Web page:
Miami

Crowning Glories

By
Lisa Tant
Fleuriste: Ines Naftali, Photography: @lightpalac.e
Fleuriste: Ines Naftali, Photography: @lightpalac.e
Fleuriste: Ines Naftali, Photography: @lightpalac.e
Fleuriste: Ines Naftali
Fleuriste: Ines Naftali
Fleuriste: St Germain Design & Co
Fleuriste: St Germain Design & Co

Heads turned when our fresh floral mannequins came to life over the Easter weekend at Bal Harbour Shops in Miami. 

Once our Fleurs de Villes ROSÉ trail of 21 fresh flower installations wrapped, a handful of talented local Fleuristes turned their attention to creating stunning fresh floral headpieces. It was as if the mannequins suddenly blossomed and stepped off their podiums when models wearing intricate floral headpieces paraded around the outdoor shopping centre. With shopping bags in hand, they showed off the latest Spring dresses from collections including Balmain, Oscar de la Renta, and Silvia Tcherassi.


INES NAFTALI

The artistry behind these spectacular headpieces was awe-inspiring. But the Fleuristes also had to consider the weight and balance of their wearable “hats” for models walking around Bal Harbour Shops. Models wearing Ines Naftali’s creations literally stopped traffic. A crown of pink  garden roses, gloriosa lilies, snowball, heather, helleborus orientalis, kalanchoe and more was tied atop a sleek red Oscar de la Renta dress. The model next to her wore an orange Silvia Tcherassi dress with an exotic headpiece featuring anthurium, spray roses, carnations, cymbidium orchids, fritillaria and more 

This year feels like the perfect time to revive the old European Christian tradition of wearing a “bonnet” to celebrate the arrival of spring, and the promise of spiritual renewal and redemption. The first bonnets were circles of leaves and flowers to highlight the cycle of the seasons. These festive crowns caught on in the United States after the American Civil War as women came out of mourning and celebrated the renewal of Spring by wearing bright colours and flowers. Irving Berlin popularized the style with his song Easter Parade in 1933. Fifteen years later, the song hit new heights when it was featured in the musical film, Easter Parade, starring Judy Garland and Fred Astaire.


Heads turned when our fresh floral mannequins came to life over the Easter weekend at Bal Harbour Shops in Miami. 

Once our Fleurs de Villes ROSÉ trail of 21 fresh flower installations wrapped, a handful of talented local Fleuristes turned their attention to creating stunning fresh floral headpieces. It was as if the mannequins suddenly blossomed and stepped off their podiums when models wearing intricate floral headpieces paraded around the outdoor shopping centre. With shopping bags in hand, they showed off the latest Spring dresses from collections including Balmain, Oscar de la Renta, and Silvia Tcherassi.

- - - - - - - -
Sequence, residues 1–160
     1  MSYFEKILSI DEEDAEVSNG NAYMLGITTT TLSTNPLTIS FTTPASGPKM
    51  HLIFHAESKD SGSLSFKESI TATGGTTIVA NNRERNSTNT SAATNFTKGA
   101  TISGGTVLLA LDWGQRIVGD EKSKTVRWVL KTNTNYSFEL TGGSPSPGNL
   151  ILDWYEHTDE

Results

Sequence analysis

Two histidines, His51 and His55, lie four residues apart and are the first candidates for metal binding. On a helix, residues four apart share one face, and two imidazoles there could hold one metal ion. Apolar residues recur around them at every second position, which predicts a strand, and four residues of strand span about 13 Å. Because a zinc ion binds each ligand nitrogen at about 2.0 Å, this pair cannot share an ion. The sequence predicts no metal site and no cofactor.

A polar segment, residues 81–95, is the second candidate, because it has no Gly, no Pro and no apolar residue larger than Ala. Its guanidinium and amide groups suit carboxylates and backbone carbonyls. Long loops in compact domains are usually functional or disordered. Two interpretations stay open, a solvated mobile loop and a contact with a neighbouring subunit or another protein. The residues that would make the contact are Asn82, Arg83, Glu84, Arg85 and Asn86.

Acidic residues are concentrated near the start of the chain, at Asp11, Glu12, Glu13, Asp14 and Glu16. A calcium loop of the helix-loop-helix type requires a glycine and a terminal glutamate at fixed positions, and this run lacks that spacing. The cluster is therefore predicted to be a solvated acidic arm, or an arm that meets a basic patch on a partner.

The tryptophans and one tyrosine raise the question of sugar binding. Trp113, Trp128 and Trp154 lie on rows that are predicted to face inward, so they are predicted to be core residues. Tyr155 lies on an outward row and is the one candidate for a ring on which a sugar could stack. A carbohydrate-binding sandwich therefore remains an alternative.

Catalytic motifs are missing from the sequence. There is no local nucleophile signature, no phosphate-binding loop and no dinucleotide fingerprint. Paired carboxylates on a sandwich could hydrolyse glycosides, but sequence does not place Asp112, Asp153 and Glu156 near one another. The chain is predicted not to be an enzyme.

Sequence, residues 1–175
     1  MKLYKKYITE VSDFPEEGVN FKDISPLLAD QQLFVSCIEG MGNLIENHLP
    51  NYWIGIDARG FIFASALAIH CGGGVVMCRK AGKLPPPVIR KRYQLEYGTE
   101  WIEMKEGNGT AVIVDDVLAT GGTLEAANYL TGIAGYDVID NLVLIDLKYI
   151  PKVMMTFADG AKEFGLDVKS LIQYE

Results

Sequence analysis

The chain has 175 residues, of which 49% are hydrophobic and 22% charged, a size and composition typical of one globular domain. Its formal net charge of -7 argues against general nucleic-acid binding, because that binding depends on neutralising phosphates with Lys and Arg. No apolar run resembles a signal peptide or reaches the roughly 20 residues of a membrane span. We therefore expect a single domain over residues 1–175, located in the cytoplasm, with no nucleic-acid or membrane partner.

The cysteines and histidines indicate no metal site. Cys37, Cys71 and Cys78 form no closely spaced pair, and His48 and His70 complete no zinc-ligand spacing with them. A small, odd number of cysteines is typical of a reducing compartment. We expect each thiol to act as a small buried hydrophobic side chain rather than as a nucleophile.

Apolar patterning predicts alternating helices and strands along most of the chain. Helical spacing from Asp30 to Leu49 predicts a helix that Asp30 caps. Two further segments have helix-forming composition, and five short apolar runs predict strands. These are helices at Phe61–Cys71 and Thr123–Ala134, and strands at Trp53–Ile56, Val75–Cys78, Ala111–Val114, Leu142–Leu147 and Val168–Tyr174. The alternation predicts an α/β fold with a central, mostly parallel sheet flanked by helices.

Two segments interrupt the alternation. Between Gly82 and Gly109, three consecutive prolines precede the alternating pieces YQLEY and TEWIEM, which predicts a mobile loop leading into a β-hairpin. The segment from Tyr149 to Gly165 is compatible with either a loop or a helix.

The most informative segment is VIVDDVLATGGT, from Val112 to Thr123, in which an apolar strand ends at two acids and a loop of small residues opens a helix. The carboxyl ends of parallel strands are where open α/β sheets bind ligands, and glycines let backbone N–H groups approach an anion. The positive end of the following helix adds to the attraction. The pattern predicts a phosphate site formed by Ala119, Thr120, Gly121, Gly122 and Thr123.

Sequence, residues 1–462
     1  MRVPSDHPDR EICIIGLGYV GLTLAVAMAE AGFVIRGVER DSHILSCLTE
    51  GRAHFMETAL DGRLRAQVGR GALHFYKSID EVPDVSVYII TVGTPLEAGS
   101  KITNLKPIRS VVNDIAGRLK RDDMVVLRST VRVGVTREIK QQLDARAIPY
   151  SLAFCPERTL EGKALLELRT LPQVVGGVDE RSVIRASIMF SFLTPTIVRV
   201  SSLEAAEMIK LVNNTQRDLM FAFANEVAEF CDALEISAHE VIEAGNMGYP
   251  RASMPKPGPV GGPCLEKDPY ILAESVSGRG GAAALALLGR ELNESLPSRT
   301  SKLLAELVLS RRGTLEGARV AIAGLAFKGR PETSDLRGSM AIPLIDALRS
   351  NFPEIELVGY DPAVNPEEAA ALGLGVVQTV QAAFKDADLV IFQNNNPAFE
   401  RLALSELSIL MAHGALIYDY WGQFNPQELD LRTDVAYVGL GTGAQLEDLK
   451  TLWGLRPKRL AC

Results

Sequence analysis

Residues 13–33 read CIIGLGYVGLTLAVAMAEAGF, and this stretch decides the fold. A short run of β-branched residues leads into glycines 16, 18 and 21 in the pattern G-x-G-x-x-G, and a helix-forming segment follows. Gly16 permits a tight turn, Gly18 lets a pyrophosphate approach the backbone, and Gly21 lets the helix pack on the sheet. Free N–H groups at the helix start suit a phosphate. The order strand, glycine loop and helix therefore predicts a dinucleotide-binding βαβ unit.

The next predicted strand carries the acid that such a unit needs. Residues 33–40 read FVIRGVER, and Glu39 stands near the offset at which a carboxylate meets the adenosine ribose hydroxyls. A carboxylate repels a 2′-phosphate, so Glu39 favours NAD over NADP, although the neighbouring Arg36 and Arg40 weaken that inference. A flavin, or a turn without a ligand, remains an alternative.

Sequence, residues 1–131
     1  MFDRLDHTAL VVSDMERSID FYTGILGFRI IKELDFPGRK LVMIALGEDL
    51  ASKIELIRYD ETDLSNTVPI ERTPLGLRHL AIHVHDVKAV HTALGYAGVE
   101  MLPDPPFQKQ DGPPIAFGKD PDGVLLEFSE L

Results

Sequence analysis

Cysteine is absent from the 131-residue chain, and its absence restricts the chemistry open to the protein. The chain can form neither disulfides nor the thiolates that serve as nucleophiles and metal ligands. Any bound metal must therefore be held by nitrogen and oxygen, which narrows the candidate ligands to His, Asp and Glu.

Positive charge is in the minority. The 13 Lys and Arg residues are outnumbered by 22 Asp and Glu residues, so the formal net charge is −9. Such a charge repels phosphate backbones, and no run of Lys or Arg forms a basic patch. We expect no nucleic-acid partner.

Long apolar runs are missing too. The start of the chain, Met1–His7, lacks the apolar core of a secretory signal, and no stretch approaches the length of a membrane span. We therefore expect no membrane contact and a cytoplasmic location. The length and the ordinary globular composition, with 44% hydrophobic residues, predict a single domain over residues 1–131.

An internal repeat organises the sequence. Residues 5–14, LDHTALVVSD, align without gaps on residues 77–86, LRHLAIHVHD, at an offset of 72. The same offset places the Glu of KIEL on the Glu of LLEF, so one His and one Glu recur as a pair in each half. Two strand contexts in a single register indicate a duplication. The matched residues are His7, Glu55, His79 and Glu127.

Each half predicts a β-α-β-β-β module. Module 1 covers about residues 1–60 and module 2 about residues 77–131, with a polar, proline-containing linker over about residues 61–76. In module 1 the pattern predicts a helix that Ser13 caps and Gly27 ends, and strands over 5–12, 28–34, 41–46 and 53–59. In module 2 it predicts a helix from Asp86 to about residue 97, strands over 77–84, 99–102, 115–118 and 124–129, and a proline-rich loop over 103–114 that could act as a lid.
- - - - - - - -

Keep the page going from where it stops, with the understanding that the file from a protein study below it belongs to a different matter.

Fleuriste: Ines Naftali
Fleuriste: Ines Naftali
Fleuriste: Ines Naftali
Fleuriste: Ines Naftali

INES NAFTALI

The artistry behind these spectacular headpieces was awe-inspiring. But the Fleuristes also had to consider the weight and balance of their wearable “hats” for models walking around Bal Harbour Shops. Models wearing Ines Naftali’s creations literally stopped traffic. A crown of pink  garden roses, gloriosa lilies, snowball, heather, helleborus orientalis, kalanchoe and more was tied atop a sleek red Oscar de la Renta dress. The model next to her wore an orange Silvia Tcherassi dress with an exotic headpiece featuring anthurium, spray roses, carnations, cymbidium orchids, fritillaria and more 

This year feels like the perfect time to revive the old European Christian tradition of wearing a “bonnet” to celebrate the arrival of spring, and the promise of spiritual renewal and redemption. The first bonnets were circles of leaves and flowers to highlight the cycle of the seasons. These festive crowns caught on in the United States after the American Civil War as women came out of mourning and celebrated the renewal of Spring by wearing bright colours and flowers. Irving Berlin popularized the style with his song Easter Parade in 1933. Fifteen years later, the song hit new heights when it was featured in the musical film, Easter Parade, starring Judy Garland and Fred Astaire.


Fleuriste: St Germain Design & Co
Fleuriste: St Germain Design & Co
Fleuriste: St Germain Design & Co
Fleuriste: St Germain Design & Co

ST GERMAIN DESIGN & CO

St Germain Design & Co took a fashion forward approach by topping the strong shoulders of Balmain dresses with glorious pink and green blooms. The effect was like a living cap on a sleek fragrance bottle - so chic! Blooms used in both headpieces included peonies, hellebore, hyacinth, panicle hydrangea and ranunculus.

ANISKA CREATIONS

The talented Fleuristes at Aniska Creations are known for their glorious headdresses. Made from Keira garden roses, snowberry, and colour enhanced tulips and trailing ruscus, their mint and green design topped a dress from Lafayette 148 New York.


Fleuriste: Aniska Creations
Fleuriste: Aniska Creations
Fleuriste: Aniska Creations
Fleuriste: Aniska Creations

HAYAL FLOWERS

Fresh off their win as Fan Favourite mannequin at the Bal Harbour Shops ROSÉ trail, the team at Hayal Flowers created a sweet headpiece to pair with a shimmering dress by Fabiana Filippi. The purple and yellow headpiece was a mix of different varieties of orchids, lili grass and tulips.

Fleuriste: St Germain Design & Co
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